WHAT THE BIBLE REALLY SAYS
By: J. R. Hyland
The period of the
Judges lasted 200 years. It ended when a monarchy was established among the
Hebrew people. Saul was the first king of Israel, and he was able to unite the
scattered Jewish tribes into a cohesive force. Under his leadership the
Israelites claimed victory after victory over their enemies.
Saul was anointed king by the Prophet Samuel,
the acknowledged religious leader of his time and the most powerful man in the
kingdom. Among other things, Samuel made the military policy of herem - -
extermination of all those who lived in conquered territories - - a religious
and moral imperative. There were to be no exceptions. In the name of God, he
ordered Saul to go to war: “Now go, attack the Amalekites and totally destroy
everything that belongs to them. Do not spare them; put to death men and women,
children and infants, cattle and sheep, camels and donkeys.”
Saul defeated the Amalekites but made the
mistake of using his own judgment in sparing the life of Agag, their king. As a
military leader, he thought it a good strategy to keep the king as a prisoner.
But Samuel was furious: Saul could not be allowed to use his own judgment. A
ruler who did this was a danger to the prophet’s power and authority. So he set
out for Gilgal where the army was celebrating its victory. A jubilant Saul
shouted a greeting: “The Lord bless you Samuel!”
The prophet did not bother to acknowledge that salute. Instead, he launched into
a diatribe, reminding Saul that he had been a nobody before he anointed him
king. Then he accused Saul of treachery and asked “Why did you not obey the
Lord,” he said. “I went on the mission assigned me. I completely destroyed the
Amalekites and brought back Agag their king. The soldiers took sheep and cattle
from the plunder . . . in order to sacrifice them to the Lord your God at
Samuel would not be appeased: he was too
threatened by Saul’s successful reign. He told the king he was a rebellious and
arrogant man and said that the Lord was going to give the kingdom to “a
better man than you.”
But it was not the Lord who gave the kingdom to someone else; it was the prophet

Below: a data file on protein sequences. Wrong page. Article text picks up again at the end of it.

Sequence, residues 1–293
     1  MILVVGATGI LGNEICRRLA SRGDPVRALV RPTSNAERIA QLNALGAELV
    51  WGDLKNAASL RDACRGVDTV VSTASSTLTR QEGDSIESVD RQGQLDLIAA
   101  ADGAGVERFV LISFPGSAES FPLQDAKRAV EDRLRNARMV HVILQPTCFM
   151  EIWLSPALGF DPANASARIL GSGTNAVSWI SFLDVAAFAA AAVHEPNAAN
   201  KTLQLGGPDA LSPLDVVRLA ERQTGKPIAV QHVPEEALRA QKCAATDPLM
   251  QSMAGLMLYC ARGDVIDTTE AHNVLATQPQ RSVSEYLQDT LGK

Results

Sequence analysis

who, in a secret ceremony, went to the elders of the tribe of Judah. It was a
time of bitter tribal rivalries between Judah and King Saul’s clan - - the tribe
In the presence of the elders of Judah, Samuel
anointed David, son of Jesse, as king. And from then on, the Judahites were
engaged in behind-the-scenes machinations that would allow one of their own to
rule over Israel. It took thirty years before that happened, but the first step
toward their goal came quickly.
Saul had begun to suffer from incapacitating
headaches and depressions. After the threat to dethrone him, Samuel had refused
to see the king or even speak to him again. Saul knew the prophet was planning
his downfall, but had no idea of how this would come about. But there were those
in the royal household who did know and had a plan.
They told Saul there was a way to overcome his
depression: the music of a skillful harpist could drive away the demons that
were plaguing him. And they knew just the right person for the job: “a son of
Jesse of Bethlehem knows how to play the harp. He speaks well and is a
fine-looking man. And the Lord is with him.”
After hearing such a glowing recommendation, the king sent for David.
The Bible reports that from the time the young
man became part of the royal house-hold, Saul “loved him greatly.” But from the
time he entered the King’s service, David began making the alliances that would
eventually gain him the throne. One of his most important allies was Jonathan,
the King’s son. Like his father, Jonathan also loved the charismatic David:
“Jonathan made a covenant with David because he loved him as himself.”
That covenant was a promise that when David
attempted to overthrow Saul and take the throne for himself, Jonathan would
support the coup. He secretly assured David that he had enough support to
eventually take over the throne. ‘Don’t be afraid,” he said. “You will be
king over Israel and I will be second to you.”
In the meantime, Saul’s affection for David
was unabated and he kept promoting him. First he was appointed royal
armor-bearer and “whatever Saul sent him to do, David did it so successfully
that Saul gave him a high rank in the army. This pleased all the people and
Saul’s officers as well.”
Eventually, those same officers mutinied against their king, in favor of David.
It took a long while for Saul to realize that
it was David and his tribe that was plotting to take over the throne and when he
found out, David fled to the wilderness south of Jerusalem.
During the first months that he was hiding out
from Saul he roamed the area around the Dead Sea. There were other fugitives
hiding out in that desolate region. The Bible describes them as “those who
were oppressed, those in distress, all those in debt, anyone who had a
It goes on to say that David gathered these men together and as the leader of
this small army of hirelings,
he offered their services to Aschich, the Philistine king. So while Saul was
busy fighting off Israel’s enemies, David went to work for them as a mercenary.
Like everyone else with whom David wanted to
ingratiate himself, King Aschich succumbed to the young man’s charm. He accepted
David’s offer of service, knowing he had been a favorite son of Israel: the same